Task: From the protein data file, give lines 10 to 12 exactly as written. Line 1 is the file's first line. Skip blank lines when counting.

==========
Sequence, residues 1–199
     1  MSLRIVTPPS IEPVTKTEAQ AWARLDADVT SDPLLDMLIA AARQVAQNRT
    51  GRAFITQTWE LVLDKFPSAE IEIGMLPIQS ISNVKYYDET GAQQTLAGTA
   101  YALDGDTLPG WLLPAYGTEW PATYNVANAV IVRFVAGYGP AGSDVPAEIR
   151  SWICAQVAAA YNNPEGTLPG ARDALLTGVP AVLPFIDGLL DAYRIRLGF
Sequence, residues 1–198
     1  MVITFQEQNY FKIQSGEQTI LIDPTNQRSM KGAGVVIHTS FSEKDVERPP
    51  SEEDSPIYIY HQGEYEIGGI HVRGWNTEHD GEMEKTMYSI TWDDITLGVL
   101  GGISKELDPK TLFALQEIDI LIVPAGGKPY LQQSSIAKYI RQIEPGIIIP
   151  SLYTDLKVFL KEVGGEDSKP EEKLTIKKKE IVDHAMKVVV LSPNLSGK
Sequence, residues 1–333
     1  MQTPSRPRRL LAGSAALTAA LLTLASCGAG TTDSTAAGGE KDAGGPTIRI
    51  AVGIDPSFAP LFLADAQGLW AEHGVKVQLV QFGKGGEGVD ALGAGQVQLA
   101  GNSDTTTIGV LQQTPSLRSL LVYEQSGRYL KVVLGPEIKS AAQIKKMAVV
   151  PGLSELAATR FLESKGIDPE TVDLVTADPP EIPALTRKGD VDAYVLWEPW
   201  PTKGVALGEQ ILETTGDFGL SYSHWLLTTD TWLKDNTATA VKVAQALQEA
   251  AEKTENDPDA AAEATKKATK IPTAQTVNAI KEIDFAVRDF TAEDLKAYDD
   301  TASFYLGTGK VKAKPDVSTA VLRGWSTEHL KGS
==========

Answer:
   151  SLYTDLKVFL KEVGGEDSKP EEKLTIKKKE IVDHAMKVVV LSPNLSGK
Sequence, residues 1–333
     1  MQTPSRPRRL LAGSAALTAA LLTLASCGAG TTDSTAAGGE KDAGGPTIRI